On the 24th of January, a historic event took place in Saudi Arabia as the first liquor store in over 70 years opened its doors in the diplomatic quarter of the capital, Riyadh. This marked a significant liberalizing move for the ultra-conservative country, allowing non-Muslim diplomats to purchase alcohol for the first time. Saudi Arabia is among the few nations globally that strictly prohibits the consumption of alcohol by its citizens.
Non-Muslim diplomats, who were previously required to import alcohol through a diplomatic pouch or sealed official package, will now have the option to purchase alcohol locally.
The imposition of alcohol prohibition in Saudi Arabia dates back to 1952, shortly after one of King Abdulaziz's sons became intoxicated and, in a fit of anger, fatally shot a British diplomat.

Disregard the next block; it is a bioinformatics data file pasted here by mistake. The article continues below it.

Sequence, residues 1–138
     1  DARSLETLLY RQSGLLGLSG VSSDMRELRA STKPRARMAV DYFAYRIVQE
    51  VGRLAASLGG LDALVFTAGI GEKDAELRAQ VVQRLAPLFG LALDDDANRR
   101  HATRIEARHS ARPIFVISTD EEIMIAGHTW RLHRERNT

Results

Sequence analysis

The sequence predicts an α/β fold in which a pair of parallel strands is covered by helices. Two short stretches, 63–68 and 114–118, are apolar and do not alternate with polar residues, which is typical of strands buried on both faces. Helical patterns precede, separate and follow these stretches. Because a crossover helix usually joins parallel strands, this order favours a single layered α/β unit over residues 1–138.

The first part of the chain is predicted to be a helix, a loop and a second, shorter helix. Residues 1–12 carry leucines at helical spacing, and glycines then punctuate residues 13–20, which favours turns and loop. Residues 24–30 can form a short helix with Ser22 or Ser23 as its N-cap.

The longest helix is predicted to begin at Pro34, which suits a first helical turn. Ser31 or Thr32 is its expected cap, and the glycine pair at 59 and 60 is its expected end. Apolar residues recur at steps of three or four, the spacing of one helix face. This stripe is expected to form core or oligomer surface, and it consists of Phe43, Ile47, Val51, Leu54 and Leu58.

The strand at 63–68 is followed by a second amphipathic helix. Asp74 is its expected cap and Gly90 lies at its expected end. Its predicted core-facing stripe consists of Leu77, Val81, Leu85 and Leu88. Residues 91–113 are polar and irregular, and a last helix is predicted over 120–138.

For quite some time, there have been speculations about the potential availability of alcohol in the Kingdom of Saudi Arabia, amid ongoing social reforms initiated as part of Crown Prince Mohammed bin Salman's Vision 2030 reform agenda. These reforms also encompass the introduction of cinemas and mixed-gender music festivals.
The recently unveiled policy, announced on Wednesday, outlines the introduction of a new regulatory framework aimed at countering the illicit trade of alcohol goods received by diplomatic missions. The statement asserts that the new process is designed to curb and eliminate the previously unregulated practices that led to an uncontrolled exchange of such goods within the Kingdom. The focus of the new approach is on strictly allocating specific quantities of alcohol goods entering the country.
The statement affirms that diplomats from non-Muslim embassies will be guaranteed access to these products through specified quotas.
While the possession and consumption of alcohol in Saudi Arabia are considered criminal offenses, punishable by fines, floggings, imprisonment, or deportation, foreign contractors working in the kingdom have traditionally produced and consumed illicit gin and beer within the confines of their compounds.